Reinaldo Gil Zambrano is many things: a husband, a business owner, a printmaker, an artist and a teacher.
Above all of these roles, though, he's a storyteller.
In "Pulling Roots," his latest exhibition on display through April 20 at the Northwest Museum of Arts & Culture, Zambrano showcases over 20 pieces that come together to form a narrative about his family, nomadic upbringing and the nuanced concept of identity.
Zambrano was born in Caracas, Venezuela, a place that defines much of his sense of self and inspires his art.
"Because I've been moving so much since I was 16 years old, I've been able to use printmaking as a self-explorative research channel," Zambrano says. "Through it, I realized that there is a universal idea of what home is: the people around you. It's the people that offer you this warmth and love and the ability to continue growing."
When he was 16, Zambrano left Venezuela for Costa Rica to study at the United World College. After his time there, his studies took him to Caldwell, Idaho, to pursue his Bachelor of Fine Arts at the College of Idaho. He then went back to Venezuela for a short period, then returned to Idaho for his Master in Fine Arts at the University of Idaho in Moscow.
For the past five years, Zambrano and his wife have called Spokane home.
Since relocating to the Lilac City, Zambrano has managed to firmly cement himself in the creative world of the Inland Northwest by co-owning the Spokane Print and Publishing Center and founding Spokane Print Fest, an annual celebration of the local print community each spring. He's also an essential member of the team who brought the Rocky Mountain Print Alliance's conference to Spokane last fall and shares his knowledge with Gonzaga University students as an assistant professor of printmaking.
Zambrano's work can be seen on buildings in downtown Spokane (including the MacDaddy's mural on the north side of River Park Square), inside restaurants like Kendall Yards' Baba, on T-shirts and in the homes of plenty of locals who purchase his prints.
"I've been able to find that warmth and those people in Spokane, and I'm proud to call it my home," he says. "But I also have this attachment to Venezuela because my family lives there."
Through the use of iconography and portraits of family members, Zambrano has been able to create pieces for "Pulling Roots" that he hopes target memories and particular archetypes. His unique style is apparent throughout all of the work, continuing past narratives and pulling them into others through his use of bold lines, fine details and contrast.
Many pieces in the show explore roles that people assume within different cultural environments, social themes, rituals and traditions. The artist blends his life experiences, pop culture, politics and hints of magical realism to tell stories of identity, cultural and physical borders, and more.
One piece titled "Madres/Mothers" pays tribute to the female figures in Zambrano's life who sustain his family.
"It's a portrayal of my grandma and my mom," he says. "You can see that they are holding this three-dimensional object, a cube that looks like a room. Their hands surround it, and they're crafting, or shaping, this cube into a home."
The room depicted is one that Zambrano shared with his brother growing up. One side of the print features orchids, his grandmother's favorite flower, which was always around the house during his childhood. Parallel to the orchids is a hummingbird, which Zambrano says represents knowledge.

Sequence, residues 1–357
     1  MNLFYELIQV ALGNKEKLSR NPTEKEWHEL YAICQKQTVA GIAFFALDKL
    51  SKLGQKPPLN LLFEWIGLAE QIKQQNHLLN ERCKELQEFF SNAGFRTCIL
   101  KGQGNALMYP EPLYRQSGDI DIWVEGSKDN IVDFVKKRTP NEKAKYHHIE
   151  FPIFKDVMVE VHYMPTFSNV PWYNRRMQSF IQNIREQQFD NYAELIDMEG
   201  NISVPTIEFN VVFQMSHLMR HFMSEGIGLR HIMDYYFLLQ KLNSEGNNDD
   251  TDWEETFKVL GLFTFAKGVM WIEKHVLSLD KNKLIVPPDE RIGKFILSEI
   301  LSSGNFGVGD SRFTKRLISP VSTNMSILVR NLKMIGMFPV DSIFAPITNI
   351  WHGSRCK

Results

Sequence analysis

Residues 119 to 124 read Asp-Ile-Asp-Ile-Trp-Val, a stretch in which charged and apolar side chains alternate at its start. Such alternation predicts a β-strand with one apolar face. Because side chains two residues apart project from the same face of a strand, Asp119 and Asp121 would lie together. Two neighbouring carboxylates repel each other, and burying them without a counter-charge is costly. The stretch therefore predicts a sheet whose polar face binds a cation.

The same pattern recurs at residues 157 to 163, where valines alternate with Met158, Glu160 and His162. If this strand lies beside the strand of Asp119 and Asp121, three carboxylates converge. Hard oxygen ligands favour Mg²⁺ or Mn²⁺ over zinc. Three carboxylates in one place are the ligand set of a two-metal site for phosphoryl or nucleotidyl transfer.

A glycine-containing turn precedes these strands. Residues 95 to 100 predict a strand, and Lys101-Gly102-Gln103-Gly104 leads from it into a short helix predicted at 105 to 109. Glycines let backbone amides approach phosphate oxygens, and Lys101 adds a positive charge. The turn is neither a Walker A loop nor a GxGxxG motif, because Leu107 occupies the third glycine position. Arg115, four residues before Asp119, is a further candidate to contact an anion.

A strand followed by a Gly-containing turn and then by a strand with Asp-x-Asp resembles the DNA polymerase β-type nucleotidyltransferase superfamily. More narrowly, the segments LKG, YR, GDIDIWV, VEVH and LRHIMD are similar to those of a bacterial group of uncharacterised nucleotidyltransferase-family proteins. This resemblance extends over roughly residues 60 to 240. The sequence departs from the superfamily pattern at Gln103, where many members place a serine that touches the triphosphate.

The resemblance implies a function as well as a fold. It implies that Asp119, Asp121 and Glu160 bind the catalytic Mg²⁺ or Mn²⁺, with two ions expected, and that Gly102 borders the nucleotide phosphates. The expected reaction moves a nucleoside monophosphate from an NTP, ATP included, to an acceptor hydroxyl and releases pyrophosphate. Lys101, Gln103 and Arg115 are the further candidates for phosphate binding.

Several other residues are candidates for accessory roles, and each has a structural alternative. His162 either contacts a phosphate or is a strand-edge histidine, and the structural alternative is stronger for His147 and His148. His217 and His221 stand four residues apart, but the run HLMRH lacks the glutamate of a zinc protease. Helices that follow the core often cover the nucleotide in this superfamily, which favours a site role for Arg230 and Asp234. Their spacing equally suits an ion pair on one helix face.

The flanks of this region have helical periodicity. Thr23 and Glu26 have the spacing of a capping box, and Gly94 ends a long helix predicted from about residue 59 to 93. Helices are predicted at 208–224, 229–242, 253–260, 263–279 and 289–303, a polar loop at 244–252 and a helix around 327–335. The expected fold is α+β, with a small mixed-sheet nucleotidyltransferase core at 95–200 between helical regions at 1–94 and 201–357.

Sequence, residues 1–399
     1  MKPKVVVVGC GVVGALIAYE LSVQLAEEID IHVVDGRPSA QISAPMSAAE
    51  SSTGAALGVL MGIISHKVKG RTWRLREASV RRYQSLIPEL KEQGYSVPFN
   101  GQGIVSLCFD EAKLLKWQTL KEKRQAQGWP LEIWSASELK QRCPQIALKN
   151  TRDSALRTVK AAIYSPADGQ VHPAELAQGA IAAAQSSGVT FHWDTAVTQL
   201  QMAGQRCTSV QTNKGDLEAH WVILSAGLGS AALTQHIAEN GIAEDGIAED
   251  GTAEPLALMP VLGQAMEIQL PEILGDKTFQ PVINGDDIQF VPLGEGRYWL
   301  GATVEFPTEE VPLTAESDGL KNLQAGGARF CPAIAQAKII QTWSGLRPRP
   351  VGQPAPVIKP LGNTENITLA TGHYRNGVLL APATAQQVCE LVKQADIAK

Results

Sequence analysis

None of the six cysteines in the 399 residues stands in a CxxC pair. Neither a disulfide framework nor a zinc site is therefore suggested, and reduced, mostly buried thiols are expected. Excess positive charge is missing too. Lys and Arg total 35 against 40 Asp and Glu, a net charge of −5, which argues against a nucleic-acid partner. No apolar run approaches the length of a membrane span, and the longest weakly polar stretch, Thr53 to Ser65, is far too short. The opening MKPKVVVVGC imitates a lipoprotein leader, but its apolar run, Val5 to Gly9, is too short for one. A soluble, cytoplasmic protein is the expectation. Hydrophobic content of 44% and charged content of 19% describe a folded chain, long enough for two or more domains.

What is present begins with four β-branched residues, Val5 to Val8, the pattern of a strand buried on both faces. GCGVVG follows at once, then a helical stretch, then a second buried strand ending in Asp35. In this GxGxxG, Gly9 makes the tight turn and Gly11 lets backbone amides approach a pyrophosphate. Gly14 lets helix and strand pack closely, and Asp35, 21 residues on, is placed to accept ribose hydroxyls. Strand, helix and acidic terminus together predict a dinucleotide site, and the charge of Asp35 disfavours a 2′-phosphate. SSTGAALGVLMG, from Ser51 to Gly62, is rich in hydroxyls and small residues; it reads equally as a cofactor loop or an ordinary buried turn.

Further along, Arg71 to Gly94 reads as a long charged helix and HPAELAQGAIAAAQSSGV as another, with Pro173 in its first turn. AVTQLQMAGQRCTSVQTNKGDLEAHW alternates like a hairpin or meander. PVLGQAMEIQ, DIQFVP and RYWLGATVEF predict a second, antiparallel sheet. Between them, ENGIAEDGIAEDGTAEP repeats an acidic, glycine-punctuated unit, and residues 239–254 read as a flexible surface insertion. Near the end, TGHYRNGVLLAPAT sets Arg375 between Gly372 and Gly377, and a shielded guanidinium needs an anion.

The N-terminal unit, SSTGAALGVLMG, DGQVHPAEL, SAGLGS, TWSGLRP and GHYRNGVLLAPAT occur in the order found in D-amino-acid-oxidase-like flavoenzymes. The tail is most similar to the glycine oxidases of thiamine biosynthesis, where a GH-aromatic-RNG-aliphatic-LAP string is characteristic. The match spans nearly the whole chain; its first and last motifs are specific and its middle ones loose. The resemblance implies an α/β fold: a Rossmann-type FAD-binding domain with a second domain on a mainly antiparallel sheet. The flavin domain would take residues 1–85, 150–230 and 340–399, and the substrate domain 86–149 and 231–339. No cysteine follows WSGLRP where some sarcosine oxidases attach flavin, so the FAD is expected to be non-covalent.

"It shows off these pillar figures that were the support and the base of this place where we were able to grow as a family," he says.
Zambrano works mostly in relief printing, but the show features installation work as well as prints and several matrices, the object from which a print design is transferred. Zambrano's matrices are wood blocks.
The prints range in size from about 16 by 20 inches all the way up to 5 by 4 feet. The installation aspect of the exhibition spans an entire wall in the gallery, coming in at over 7 feet in length.
"People might think that the smaller pieces would be faster to make than the bigger ones," he says. "But I feel more comfortable carving big."
The printing process can sometimes take an entire day as Zambrano makes multiple prints to achieve the most ideal outcome.
"A piece can take me a week or a month depending on what I'm trying to do," he says. "Once you pull the print for the first time you notice things you need to tweak. So you make adjustments to the ink, the matrix or the pressure or even the type of paper to get exactly what you want."
Zambrano says the beauty of printmaking lies in the fact that every print is unique.
Printmaking is an art based on democratic multiples, meaning that the art or message can be replicated easily for an extremely cheap price and distributed widely, something that Zambrano thinks is extremely important.
"It's not like a machine that's going to make everything perfect," he says. "Printmakers are the illustrators, the carvers and the painters in this case. Not only is printmaking for the masses, but it's also highly collaborative. The process involves a lot of people. Sometimes you're going to be carving or prepping a matrix by yourself, but then to get the community to see and react to the work, you need help from the many."
The installation wall featured in the exhibit invites viewers to interact with the art and one another, and to create within the space as well, bringing the communal aspect of printmaking into Zambrano's show.
"We can celebrate the things we have in common as human beings and pay tribute to the fact that we are so connected," Zambrano says. "Let's celebrate together despite the cultural differences we have."♦
Reinaldo Gil Zambrano: Pulling Roots • Feb. 10-April 20; Tue-Sun from 10 am-5 pm • $8-$12 (members and ages 5 and under free) • Northwest Museum of Arts & Culture • 2316 W. First Ave. • northwestmuseum.org • 509-456-3931